All documents are in a PDF File form. Feel free to download them and use them with your students and children!Please note that all of these documents are my own creations. At this point, all downloads are free for anyone to use. I enjoy sharing ideas and materials with families and other teachers, but I expect credit for their creation to remain to me. Thank you for understanding…. Check back often! New ideas and documents will be added to the top of the page periodically! Enjoy!
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Thanksgiving Perspective Taking Read A-loud. A great storybook to use for the Thanksgiving season to teach perspective taking is called, Turk and Runt by Lisa Wheeler and Frank Ansley, (2002). This is a story about 2 turkey brothers, Turk, the biggest, strongest and most graceful bird on the farm, and Runt, his waif-like brother. When people with seasonal plans for basting and roasting big birds come to the farm, only Runt knows the people’s real agenda. Turk and his parents are sure people are there to choose him for more glamorous (and living) reasons. This is a story where one character “knows” something that the other characters do not. This scenario is a great context to use small cut out thinking bubbles on the pages to contrast what each character knows. Also, ask students questions about what evidence or “clues” from the story and non-verbal communication from the illustration supports their story predictions. The final page of the book also has a wonderful inferencing opportunity for students. Check out a small file with Social Thinking questions under the new webpage, SmartBoard, on this site.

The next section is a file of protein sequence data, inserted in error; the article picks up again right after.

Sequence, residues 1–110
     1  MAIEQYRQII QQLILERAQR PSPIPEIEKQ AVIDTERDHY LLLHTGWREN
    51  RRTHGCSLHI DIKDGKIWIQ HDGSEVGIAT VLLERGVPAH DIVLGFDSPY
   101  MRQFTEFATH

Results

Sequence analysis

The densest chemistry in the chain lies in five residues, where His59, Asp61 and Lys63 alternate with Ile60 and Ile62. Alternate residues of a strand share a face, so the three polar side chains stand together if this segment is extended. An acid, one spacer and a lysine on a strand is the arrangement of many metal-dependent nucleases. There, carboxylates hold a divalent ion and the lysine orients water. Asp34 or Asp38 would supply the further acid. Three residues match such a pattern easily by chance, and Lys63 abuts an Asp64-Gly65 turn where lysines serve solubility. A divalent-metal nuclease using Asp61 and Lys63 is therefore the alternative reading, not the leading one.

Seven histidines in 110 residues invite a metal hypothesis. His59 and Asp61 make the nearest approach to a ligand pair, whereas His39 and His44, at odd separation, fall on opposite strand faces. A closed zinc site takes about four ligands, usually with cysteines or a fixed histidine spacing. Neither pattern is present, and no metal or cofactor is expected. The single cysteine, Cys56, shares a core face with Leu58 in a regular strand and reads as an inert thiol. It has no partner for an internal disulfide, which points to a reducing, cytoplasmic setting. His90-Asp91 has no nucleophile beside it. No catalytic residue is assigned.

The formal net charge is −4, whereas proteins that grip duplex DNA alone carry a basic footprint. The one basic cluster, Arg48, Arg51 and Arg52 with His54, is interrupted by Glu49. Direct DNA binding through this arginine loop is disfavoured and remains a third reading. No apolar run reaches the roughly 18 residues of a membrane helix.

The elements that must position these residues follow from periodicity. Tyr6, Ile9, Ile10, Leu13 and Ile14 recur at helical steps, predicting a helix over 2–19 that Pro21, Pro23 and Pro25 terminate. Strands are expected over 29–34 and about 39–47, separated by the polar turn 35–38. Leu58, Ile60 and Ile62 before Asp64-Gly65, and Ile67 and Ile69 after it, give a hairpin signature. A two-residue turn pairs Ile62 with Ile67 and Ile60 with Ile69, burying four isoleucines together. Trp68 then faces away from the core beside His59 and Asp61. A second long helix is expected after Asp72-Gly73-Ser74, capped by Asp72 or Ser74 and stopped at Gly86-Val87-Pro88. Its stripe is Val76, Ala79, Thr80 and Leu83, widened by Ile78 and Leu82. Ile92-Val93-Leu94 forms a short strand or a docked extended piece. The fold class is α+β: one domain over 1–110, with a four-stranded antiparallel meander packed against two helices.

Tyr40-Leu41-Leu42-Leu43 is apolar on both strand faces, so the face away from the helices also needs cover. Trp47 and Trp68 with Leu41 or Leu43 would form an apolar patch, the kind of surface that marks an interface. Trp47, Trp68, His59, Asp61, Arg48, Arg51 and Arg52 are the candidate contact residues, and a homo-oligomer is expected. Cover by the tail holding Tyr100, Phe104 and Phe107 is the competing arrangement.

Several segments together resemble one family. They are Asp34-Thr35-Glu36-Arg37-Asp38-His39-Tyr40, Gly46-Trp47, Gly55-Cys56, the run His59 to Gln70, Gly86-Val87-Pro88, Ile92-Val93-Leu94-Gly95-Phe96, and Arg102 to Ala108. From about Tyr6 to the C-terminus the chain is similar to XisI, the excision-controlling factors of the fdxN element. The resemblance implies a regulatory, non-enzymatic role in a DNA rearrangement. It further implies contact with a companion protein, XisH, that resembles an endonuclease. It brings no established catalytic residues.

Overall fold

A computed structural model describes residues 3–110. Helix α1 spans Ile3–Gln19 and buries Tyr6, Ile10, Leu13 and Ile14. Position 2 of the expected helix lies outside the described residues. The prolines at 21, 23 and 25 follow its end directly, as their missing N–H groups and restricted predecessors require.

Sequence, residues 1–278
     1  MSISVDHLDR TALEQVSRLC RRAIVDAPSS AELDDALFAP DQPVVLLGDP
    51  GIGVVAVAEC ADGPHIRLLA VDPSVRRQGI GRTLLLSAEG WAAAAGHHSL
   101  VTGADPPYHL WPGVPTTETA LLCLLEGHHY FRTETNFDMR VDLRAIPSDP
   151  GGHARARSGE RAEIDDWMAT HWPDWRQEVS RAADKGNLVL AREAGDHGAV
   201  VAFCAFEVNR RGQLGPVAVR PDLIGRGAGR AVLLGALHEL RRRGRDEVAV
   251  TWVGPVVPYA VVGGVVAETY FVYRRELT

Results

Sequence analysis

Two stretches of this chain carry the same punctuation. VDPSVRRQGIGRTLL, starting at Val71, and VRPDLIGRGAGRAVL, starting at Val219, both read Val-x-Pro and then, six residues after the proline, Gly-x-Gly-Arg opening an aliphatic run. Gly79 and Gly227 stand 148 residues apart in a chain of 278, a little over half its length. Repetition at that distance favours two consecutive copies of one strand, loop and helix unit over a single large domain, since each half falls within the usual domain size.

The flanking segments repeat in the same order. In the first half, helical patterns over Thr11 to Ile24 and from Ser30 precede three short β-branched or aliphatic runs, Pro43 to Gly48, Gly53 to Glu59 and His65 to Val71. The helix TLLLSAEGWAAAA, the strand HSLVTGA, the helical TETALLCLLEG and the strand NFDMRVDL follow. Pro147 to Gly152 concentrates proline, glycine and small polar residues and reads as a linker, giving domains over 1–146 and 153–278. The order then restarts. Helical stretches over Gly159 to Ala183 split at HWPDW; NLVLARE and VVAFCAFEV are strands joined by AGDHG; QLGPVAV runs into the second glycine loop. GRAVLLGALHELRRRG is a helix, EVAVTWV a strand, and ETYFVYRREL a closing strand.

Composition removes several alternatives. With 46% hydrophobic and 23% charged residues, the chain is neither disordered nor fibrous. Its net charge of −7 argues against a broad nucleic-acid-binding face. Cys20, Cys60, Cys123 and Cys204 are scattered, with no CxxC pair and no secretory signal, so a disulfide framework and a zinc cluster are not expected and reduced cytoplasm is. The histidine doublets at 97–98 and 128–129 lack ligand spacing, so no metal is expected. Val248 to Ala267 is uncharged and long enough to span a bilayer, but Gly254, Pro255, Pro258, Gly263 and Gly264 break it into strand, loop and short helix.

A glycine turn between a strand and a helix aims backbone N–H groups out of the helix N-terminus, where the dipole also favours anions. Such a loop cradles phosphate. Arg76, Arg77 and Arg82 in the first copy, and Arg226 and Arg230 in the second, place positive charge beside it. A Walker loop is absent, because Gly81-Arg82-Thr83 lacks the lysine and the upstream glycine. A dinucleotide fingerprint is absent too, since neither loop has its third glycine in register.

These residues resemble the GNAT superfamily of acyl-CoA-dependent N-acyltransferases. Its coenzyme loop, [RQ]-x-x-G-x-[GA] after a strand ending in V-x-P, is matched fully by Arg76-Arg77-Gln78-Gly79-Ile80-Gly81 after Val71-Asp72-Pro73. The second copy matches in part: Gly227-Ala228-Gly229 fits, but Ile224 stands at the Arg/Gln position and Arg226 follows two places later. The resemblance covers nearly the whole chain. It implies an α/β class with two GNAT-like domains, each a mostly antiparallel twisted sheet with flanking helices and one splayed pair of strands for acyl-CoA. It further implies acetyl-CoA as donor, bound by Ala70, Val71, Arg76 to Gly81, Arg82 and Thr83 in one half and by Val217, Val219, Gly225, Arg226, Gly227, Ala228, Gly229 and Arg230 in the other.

Halloween Perspective Taking: Open these cute photo files of cats and dogs all dressed up in Halloween costumes. Print each photo and glue 2 small “thinking bubbles” extending from each pet’s head. Students should think of 2 different thoughts the pet might be having. By asking the child to think of 2 different thoughts, you are expanding their perspective taking skills, but also working on cognitive flexibility. Is the child able to think of 2 distinct thought ideas, or do they get stuck on one line of thinking? Have fun!
Social Inference Questions corresponding the the book: The Problem with Pumpkins by Barney Saltzberg. This is a story about an exuberant hippo and a persnickety rabbit who are the best of friends. Their friendship is tested when they stop speakingto each other over a Halloween costume dilemma!
© Jill D. Kuzma, Minneapolis MN, 2008. All Rights Reserved.
Neither this document nor its concept may be duplicated, distributed, or re-published in any format without written permission from the author/owner.